2017 Mini Countryman Cooper SD Review

For 2017 the Mini Countryman is bigger than ever, and its styling ditches some (but not all) of the retro-kitschy cues of previous Mini models. This is meant to be a modern Mini, not a complete retro-reheat, and a vehicle of its very own.
It may not be small by Mini standards, but it's still no giant in the SUV realm. Useful space has been increased, with a more roomy interior and bigger boot making this one better suited to young families than the previous model while still maintaining its inner-city agility.
Vehicle Style: Small SUV
Price: $51,500 (plus on-roads)
Engine/trans: 140kW/400Nm 2.0-litre 4cyl | 8sp automatic
Fuel Economy Claimed: 5.2 l/100km | Tested: 7.2 l/100km
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There’s a hotter John Cooper Works version on the way, but until it arrives the Mini Cooper SD Countryman is the flag-waving range-topper for the time being.
At $51,500 plus on roads the price position is knocking at the door of genuine prestige models, as well as larger mainstream SUVs, but for Mini buyers the unique look and attitude is part of the package. As with any designer item, that comes at a price.
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  • Standard Equipment: Cloth and leather seat trim, dual-zone climate control, JCW sports steering wheel, powered tailgate, keyless entry and start, sliding rear seat, automatic headlights and wipers, LED headlights, rear centre armrest, multi-colour LED ambient lighting, 18-inch alloy wheels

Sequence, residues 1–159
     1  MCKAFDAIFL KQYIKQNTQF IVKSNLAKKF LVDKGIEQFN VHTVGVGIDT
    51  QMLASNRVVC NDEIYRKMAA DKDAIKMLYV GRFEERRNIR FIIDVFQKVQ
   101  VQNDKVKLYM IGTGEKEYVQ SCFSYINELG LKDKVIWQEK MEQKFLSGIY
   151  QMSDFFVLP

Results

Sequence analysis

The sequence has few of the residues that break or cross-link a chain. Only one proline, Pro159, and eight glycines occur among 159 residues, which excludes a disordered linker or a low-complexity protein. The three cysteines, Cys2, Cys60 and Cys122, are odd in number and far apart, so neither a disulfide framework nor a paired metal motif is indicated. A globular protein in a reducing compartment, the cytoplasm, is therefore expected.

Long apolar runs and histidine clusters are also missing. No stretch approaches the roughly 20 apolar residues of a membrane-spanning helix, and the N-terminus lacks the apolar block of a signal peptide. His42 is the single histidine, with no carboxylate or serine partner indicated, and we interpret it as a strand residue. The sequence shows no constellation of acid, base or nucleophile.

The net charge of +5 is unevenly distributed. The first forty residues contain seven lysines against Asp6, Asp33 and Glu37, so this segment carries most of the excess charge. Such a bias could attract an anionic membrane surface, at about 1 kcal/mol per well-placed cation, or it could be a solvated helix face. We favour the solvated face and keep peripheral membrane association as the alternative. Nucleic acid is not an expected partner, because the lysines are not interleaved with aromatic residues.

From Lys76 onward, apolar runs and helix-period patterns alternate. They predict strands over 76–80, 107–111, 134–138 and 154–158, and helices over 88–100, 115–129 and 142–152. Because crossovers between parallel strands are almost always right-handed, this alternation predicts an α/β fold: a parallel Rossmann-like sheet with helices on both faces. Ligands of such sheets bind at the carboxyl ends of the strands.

• Infotainment: 6.5-inch touchscreen, satellite navigation, USB and Aux inputs, DAB+ digital radio, Bluetooth phone and Ausio connectivity, six-speaker audio (optional 8.8-inch screen, 12-speaker Harman Kardon audio)
  • Cargo Volume: 450 litres to rear seats, 1390 litres with seats folded
The Countryman’s interior moves ever so slightly away from some of Mini’s previous design traditions. Yes, there’s still a big round display housed in the middle of the dash (meant to mimic the original Mini’s central speedo) but things are now squarer elsewhere, more classic and less cartoony for a more premium feel.
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On the outside the Mini is still relatively compact - measuring just 4.3 metres from nose to tail - but is around 20cm longer than before. That translates to a more spacious interior with added rear legroom (plus sliding rear seats), and, thanks to the high-roofed SUV stance, an airy and open feel to the cabin.
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  • Engine: 2.0-litre four-cylinder turbo diesel, 140kW @4000rpm, 400NM @1750-2500rpm
  • Transmission: Eight-speed automatic, all wheel drive
  • Suspension: MacPherson strut front, multi-link independent rear
  • Brakes: Ventilated front discs, solid rear discs
  • Steering: Electrically assisted power steering
  • Towing Capacity: 1800 kg braked, 750 kg unbraked
By definition a Cooper SD Countryman should be sporty, light on its feet, and agile - all the things that Mini’s marketing department has gone to great lengths to instil in its last decade of advertising messages.
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The heavy lifting is handled by a 2.0-litre four-cylinder turbo diesel engine producing 140kW at 4000rpm and 400Nm of torque between 1750 and 2500rpm. Engine noise is low, even at high revs, and Mini claims that the 0-100 km/h sprint takes a warm hatch-like 7.4 seconds.
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The Countryman SD’s ALL4 all-wheel drive system is also rather handy in the car's role as an all-rounder rather than an outright sports star. On loose surfaces, or in the way the Cooper SD Countryman is more easily able to get torque down, there’s no wheelspin and no tugging or kickback from the steering wheel.


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